How to survive winter, Japanese style

Compared to many parts of the world, us Californians (especially those closer to the coast) experience 60°F "winters" aka picnic weather compared to a lot of places, so winter items are not a necessity, but a "nice-to-have." Having spent some time in Japan during the winter, I've learned along the way not only the best way to stay warm, but some cozy tips too. While Japan is cold, many of the houses are older with less insulation and central HVAC is not really common (I've woken up to my face freezing cold many times in the winter), so Japanese people have come up with some clever ways to keep warm. While car seat warmers and hot apple cider may be the way in the states, try out these Japanese ways to stay warm and get through winter! 


Aside from the obvious winter clothes, like coats and gloves, a great item to wear are HeatTech items from Uniqlo. You've probably heard of the term base layer, especially if you do outdoor activities. It's basically the same thing, but with different materials. I'm not going to go into the science details, but compared to most base layers, HeatTech is thinner and a bit more easy to layer than other base layers that are made of materials such as wool. They have different warmth levels, and you can change it up based on where you're going or what you're doing. Does it work? A good example is that on my wedding day, it was a pretty cold 46°F rainy day. I was wearing a backless dress but I wore HeatTech leggings underneath and I didn't feel cold! So yes, I'd say it worked.


Hanten (袢纏)

Not too commonly worn anymore, but a hanten is a great loungewear to wear in a Japanese home. Similar in shape to a happi that you would see at an obon or matsuri, what makes it warm is it's stuffed with cotton, making it fluffy and warm. Think of it as a wearable blanket. 

贈り物にも自分用にも! モードな‟はんてん”は、手放せなくなる暖かさ | 暮らしとおしゃれの編集室

Kairo (カイロ)

Another great thing to have on hand is a kairo. You probably know of it as hand warmers. The ones that come in little bags that you can shake to activate. Did you know that the modern technology that's used today in these was invented in Japan? Nowadays, there are reusable/rechargeable ones, but buy a pack of kairo at the drug store in the winter and you're set. There are pocket size ones but there are also sticky versions that you can stick to the inside of your clothes or in your shoes for extra toasty feet.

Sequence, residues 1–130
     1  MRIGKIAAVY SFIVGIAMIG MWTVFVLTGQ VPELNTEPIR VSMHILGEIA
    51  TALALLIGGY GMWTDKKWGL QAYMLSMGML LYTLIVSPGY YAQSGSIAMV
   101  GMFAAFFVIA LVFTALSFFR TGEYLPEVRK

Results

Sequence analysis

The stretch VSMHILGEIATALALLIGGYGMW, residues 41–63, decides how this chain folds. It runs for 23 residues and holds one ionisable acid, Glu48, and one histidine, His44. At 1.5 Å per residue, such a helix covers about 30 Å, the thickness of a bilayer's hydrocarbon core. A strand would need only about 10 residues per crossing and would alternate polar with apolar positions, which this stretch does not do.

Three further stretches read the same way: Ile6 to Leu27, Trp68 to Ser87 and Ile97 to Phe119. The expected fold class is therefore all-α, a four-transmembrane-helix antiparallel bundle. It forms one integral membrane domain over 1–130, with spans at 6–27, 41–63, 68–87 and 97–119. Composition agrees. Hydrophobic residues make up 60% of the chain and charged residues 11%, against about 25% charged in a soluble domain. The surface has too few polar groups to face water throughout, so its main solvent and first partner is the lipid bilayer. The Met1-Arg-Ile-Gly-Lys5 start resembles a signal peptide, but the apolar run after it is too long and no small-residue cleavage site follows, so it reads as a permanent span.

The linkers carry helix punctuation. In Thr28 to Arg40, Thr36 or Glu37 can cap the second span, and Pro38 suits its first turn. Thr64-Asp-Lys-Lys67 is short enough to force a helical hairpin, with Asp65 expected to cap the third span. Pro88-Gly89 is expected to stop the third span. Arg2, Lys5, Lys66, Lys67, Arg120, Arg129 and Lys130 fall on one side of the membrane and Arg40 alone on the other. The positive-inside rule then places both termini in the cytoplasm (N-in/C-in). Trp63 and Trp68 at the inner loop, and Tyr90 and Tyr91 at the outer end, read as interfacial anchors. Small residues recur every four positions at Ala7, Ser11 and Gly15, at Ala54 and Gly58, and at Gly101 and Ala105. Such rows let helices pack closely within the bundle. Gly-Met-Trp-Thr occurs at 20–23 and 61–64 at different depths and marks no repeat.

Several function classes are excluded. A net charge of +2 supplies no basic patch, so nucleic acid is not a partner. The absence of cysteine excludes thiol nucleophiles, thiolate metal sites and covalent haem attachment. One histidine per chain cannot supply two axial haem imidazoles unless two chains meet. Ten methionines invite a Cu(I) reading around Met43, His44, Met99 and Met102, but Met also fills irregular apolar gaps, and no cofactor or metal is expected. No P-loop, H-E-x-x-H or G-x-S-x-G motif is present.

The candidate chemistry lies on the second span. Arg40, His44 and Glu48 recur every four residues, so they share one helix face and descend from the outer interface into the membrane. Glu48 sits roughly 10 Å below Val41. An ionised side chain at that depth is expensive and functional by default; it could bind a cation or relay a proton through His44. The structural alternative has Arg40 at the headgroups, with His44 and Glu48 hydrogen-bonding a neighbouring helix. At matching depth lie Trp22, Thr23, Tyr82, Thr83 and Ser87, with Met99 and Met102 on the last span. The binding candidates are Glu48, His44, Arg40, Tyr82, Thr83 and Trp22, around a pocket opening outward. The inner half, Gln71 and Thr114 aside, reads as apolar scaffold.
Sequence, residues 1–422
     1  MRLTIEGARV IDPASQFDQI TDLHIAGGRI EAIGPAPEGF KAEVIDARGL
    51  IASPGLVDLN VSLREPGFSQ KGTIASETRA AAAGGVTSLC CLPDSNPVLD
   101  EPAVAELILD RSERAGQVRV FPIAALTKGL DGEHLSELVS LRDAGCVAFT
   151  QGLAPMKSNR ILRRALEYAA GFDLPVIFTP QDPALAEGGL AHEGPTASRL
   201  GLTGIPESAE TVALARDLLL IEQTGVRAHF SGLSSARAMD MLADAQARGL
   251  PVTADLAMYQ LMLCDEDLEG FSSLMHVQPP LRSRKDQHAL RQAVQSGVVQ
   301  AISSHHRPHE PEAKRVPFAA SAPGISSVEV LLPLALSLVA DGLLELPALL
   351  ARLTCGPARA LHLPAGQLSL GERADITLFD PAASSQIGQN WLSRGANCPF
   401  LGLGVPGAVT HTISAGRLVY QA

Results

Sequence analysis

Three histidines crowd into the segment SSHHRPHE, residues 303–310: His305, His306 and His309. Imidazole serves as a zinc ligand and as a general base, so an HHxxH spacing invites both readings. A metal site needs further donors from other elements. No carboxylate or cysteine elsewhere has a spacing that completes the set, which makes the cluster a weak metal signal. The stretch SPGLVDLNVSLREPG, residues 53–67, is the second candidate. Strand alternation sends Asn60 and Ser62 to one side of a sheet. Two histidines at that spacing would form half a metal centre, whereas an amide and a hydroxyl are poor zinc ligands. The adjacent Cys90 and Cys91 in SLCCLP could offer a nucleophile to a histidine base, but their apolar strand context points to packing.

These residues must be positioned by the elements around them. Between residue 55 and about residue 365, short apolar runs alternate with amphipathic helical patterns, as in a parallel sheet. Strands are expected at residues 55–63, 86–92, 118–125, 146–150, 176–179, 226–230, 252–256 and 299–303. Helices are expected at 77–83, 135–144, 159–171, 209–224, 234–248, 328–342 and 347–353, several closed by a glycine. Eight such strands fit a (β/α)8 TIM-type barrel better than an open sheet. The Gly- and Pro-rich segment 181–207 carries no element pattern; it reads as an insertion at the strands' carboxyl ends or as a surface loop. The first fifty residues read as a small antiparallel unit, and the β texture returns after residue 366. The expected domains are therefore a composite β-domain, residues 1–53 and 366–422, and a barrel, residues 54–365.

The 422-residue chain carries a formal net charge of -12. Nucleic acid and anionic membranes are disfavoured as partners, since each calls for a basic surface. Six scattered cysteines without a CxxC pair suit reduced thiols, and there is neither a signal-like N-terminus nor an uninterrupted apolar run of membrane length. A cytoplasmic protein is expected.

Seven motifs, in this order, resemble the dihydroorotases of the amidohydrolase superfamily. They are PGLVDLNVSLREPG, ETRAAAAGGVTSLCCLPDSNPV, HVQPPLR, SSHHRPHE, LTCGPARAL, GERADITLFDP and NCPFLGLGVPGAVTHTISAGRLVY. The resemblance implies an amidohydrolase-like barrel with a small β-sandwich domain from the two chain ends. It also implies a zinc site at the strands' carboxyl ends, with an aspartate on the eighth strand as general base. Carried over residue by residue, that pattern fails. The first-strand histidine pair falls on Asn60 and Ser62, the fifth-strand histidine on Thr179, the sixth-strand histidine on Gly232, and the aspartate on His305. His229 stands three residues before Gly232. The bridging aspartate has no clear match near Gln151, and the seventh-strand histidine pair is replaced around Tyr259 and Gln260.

寒い冬に必須のカイロを貼るのに効果的な場所を詳しく解説(季節・暮らしの話題 2021年01月04日) - 日本気象協会

MegRhythm Eye Masks

Speaking of warm things, these MegRhythm eye masks have been a hot (pun not intended) item in Japan for the past couple years. You can easily grab some at the Japanese supermarkets in the states too. They're similar in mechanism to the kairo; once they come out of the package and are exposed to air, they start heating up. They work like a sleep mask. You loop them on your ears and put them over your eyes. It comes in a variety of scents (and unscented) and the heat lasts for about 15 to 20 minutes. Perfect to use for a short nap or until you fall asleep. I like to use them when I feel like my eyes are tired or I just need a refresher. I always make sure to keep a box on hand.

P.S. They make great little gifts! 

Amazon | めぐりズム蒸気でホットアイマスク 無香料 12枚入 | めぐりズム | アイピロー・アイマスク

Kotatsu (炬燵)

If you've ever watched a Japanese show or anime set during winter, you may have seen a table with a blanket draped underneath. That's a kotatsu and it's amazing. The biggest con is that you never want to come out once you go in. It's a table with a heater underneath and the blanket keeps the heat in. You stick your feet in and it's a staple item for many Japanese households. Also makes for a great clothes warmer 😉 Not an easy thing to get outside of Japan, but I've seen online shops and even the supermarkets sell them here.

Yutanpo (湯たんぽ)

Okay, but you can't stay in the kotatsu forever. You may be asking, can't I just sleep in the kotatsu? I guess, yeah. But think of the electricity bill! Not to mention your back when you wake up on the floor. Ow. Don't worry, I got you. A yutanpo is a nifty thing to have. It's essentially a hot water bottle. You pour hot water in, cover it up in a little bag, and pop it in by your feet to warm up your bed (it's not recommended you sleep with it though, just in case). It's economical and you can really use it anywhere with hot water (so great for camping!). 


Amazake (甘酒)

If clothes and items aren't enough, warm up your body from the inside. Amazake is a great way to keep yourself toasty from the core. Literally meaning sweet sake, amazake is a fermented rice drink. Wait, don't freak out yet. Often sold on the streets in Japan, amazake is a favorite among everyone. Everyone? But I thought it had alcohol...? While it can be made with alcohol, and does have that distinct sake smell to it, most amazake sold is low to no alcohol. Learn how to make it yourself here!

Amazake: All You Need to Know About This Japanese Fermented Rice Drink

Oden (おでん)

While hot pot is now a common winter food staple even here in the states, something I haven't seen too commonly here is oden. If you like hot pot, you'll probably like oden. Oden has specific ingredients that you stew in a broth for long periods of time. Boiled eggs, konnyaku, chikuwa, and daikon are some of the many types that you can choose from. You can easily buy pre-made packs at local Japanese supermarkets or you can buy them separately. Oden is a common winter dish in Japan. Carts sell them on the streets but all the konbini sell them as well; that's how common oden is ingrained into Japanese culture.

Oden (Japanese Fish Cake Stew) おでん • Just One Cookbook

How will you get through winter this season? Did you find something new to try out to keep warm? 😊

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